Last Updated on February 12, 2022 6:43 pm
Governor Roy Cooper has declared Dec. 3 – 9, 2017 as Winter Weather Preparedness Week and is urging North Carolinians to plan, prepare and be ready for potentially dangerous winter weather in the months ahead.
“North Carolina has seen its share of snow and ice storms in recent years and we need to be ready for the next one,” Governor Cooper said. “As winter begins, make sure you review your emergency plans, update your emergency supply kit and stay informed about weather forecasts.”
North Carolina’s proximity to the Appalachian Mountains, Gulf of Mexico, Atlantic Ocean and Gulf Stream can make winter weather patterns difficult to predict. Each year there are approximately six to 12 winter storms in the Piedmont, 10 or more winter storms in the mountains and usually fewer than four winter storms that impact the coastal counties.
“Many families are still recovering from Hurricane Matthew and other disasters,” explained state Emergency Management Director Mike Sprayberry. “Emergency managers are working daily with impacted communities to help them recover from these storms. But it is critical that we also prepare for any winter storm that can bring different hazards.”
Forecasters at the National Oceanic and Atmospheric Administration (NOAA) Climate Prediction Center are expecting a mild La Nina to influence winter conditions this year. Unlike El Nino, characterized by unusually warm ocean temperatures in the tropical Pacific, La Nina involves a cooling of the ocean that favors warmer and drier winters in the south. But even with warmer and drier winter weather, winter storms will still occur.
It is important to monitor changing weather conditions by monitoring local media carefully. When winter weather warnings are issued, be prepared for possible power outages or dangerous driving conditions. Remember: Winter Storm Watch means severe winter conditions are expected within 24-48 hours, while a Winter Storm Warning indicates that dangerous accumulations of snow and/or ice are likely within 24 hours. Advisories indicate that winter weather conditions are expected to cause delays and problems within 24 hours.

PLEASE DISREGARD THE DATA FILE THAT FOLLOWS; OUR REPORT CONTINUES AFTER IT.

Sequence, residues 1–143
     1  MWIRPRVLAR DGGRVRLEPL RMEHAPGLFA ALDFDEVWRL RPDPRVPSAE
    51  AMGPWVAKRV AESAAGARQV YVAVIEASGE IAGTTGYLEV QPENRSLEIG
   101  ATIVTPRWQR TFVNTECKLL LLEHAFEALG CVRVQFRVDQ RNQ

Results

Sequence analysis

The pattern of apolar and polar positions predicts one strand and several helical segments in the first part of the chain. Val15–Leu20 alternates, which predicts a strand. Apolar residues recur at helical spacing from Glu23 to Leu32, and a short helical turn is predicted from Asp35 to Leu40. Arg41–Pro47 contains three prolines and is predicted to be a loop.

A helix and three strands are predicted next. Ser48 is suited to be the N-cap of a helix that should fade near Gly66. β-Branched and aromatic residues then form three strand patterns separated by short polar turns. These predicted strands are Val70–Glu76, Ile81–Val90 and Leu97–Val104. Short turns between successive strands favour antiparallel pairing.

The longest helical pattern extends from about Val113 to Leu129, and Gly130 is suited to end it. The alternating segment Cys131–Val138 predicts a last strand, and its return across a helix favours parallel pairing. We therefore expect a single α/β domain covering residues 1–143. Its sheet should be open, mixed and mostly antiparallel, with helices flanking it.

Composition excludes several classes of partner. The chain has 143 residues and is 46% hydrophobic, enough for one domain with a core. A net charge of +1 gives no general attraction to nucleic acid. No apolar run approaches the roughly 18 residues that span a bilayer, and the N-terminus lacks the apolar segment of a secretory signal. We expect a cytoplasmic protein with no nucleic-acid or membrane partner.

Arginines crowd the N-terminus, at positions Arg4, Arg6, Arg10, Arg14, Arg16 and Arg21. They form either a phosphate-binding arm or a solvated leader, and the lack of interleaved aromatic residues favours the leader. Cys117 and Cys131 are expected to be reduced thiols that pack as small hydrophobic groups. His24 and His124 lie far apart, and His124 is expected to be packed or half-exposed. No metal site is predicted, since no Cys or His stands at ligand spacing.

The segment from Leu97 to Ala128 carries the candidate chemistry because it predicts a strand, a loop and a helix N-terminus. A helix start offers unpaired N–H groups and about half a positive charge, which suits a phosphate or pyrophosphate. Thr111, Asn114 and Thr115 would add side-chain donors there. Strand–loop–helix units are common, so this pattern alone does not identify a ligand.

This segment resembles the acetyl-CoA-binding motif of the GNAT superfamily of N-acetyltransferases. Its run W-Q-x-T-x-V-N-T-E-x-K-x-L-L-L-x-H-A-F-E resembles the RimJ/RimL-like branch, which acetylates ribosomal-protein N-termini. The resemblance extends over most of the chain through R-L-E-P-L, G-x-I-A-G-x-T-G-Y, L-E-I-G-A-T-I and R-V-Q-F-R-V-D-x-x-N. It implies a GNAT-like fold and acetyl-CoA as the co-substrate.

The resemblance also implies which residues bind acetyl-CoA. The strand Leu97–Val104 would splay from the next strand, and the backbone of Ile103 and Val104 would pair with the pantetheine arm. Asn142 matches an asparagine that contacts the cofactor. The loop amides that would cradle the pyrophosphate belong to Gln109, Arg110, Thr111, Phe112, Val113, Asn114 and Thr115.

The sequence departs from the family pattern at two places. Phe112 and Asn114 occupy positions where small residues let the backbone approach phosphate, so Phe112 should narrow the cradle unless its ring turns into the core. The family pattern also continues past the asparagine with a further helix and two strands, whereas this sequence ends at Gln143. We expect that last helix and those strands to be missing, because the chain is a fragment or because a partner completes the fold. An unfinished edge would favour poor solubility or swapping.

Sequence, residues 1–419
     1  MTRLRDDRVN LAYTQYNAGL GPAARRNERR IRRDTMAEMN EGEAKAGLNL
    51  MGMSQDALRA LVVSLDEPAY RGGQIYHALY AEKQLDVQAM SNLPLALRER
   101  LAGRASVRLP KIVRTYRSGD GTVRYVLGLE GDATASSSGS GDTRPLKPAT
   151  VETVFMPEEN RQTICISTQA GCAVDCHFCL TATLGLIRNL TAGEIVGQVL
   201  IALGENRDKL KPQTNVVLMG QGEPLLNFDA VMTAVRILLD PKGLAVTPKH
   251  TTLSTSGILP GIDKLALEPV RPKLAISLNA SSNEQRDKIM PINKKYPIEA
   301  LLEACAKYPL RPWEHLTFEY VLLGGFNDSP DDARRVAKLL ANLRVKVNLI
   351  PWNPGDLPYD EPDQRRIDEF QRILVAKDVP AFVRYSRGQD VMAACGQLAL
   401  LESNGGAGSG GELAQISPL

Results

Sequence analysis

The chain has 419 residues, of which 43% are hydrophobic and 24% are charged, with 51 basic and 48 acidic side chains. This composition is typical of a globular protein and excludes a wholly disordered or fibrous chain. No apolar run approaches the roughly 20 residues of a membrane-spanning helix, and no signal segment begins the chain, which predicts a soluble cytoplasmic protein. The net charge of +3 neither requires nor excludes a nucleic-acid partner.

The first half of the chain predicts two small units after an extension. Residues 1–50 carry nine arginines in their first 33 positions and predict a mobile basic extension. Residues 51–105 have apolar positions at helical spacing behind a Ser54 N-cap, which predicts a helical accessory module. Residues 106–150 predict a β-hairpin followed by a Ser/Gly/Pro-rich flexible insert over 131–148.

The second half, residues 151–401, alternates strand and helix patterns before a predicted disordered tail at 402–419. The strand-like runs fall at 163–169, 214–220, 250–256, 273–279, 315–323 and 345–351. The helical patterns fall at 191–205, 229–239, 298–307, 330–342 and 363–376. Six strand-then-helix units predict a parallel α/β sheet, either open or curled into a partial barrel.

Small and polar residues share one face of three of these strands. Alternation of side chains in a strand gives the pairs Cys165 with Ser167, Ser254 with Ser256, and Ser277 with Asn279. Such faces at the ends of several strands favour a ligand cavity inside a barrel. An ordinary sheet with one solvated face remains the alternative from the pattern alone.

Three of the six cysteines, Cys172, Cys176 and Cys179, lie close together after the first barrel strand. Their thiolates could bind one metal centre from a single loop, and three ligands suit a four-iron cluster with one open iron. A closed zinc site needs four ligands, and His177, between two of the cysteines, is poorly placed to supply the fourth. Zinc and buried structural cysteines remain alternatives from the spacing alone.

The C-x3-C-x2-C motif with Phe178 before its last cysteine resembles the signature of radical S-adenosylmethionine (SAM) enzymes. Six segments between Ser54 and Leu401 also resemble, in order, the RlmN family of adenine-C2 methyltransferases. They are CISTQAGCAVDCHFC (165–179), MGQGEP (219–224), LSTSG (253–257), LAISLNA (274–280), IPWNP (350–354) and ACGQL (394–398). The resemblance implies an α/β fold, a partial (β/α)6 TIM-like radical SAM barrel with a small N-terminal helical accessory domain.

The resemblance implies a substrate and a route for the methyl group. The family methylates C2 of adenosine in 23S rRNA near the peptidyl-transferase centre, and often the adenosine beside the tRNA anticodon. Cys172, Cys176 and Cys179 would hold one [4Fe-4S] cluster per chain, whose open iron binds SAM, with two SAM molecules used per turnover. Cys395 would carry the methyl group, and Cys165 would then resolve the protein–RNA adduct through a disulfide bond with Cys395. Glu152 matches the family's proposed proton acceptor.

To get ready for winter weather, North Carolina Emergency Management officials urge you to:
- Always keep at least a three-day supply of non-perishable food in your home.
- Keep fresh batteries on hand for weather radios and flashlights.
- Dress warmly for the cold. Wear multiple layers of thin clothing instead of a single layer of thick clothing.
- Properly vent kerosene heaters and keep electric generators outside and away from open windows or doors to prevent carbon monoxide poisoning. Do not burn charcoal indoors.
- Use a NOAA Weather Radio to monitor for changing weather conditions.
- Keep alternative heating sources and fire extinguishers on hand. Be sure your family knows how to use them.
- Store an emergency kit in your vehicle. Include scraper, jumper cables, tow chain, sand/salt, blankets, flashlight, first aid kit and road map.
If you must travel, emergency officials remind motorists to drive safely. Leave plenty of room between you and other vehicles and if driving on snow or ice-covered roadways, reduce speed. If conditions worsen, be sure to pull off the highway and remain in your vehicle. Do not set out on foot unless you can see a building close by where you can take shelter.
The Department of Public Safety and the National Weather Service work together to help North Carolinians plan and prepare for winter weather by providing accurate weather and safety information.
For more information on how to prepare for winter storms, download the free ReadyNC app, which provides real-time information on traffic and weather conditions plus open shelters and items needed in an emergency supplies kit, or visit readync.org.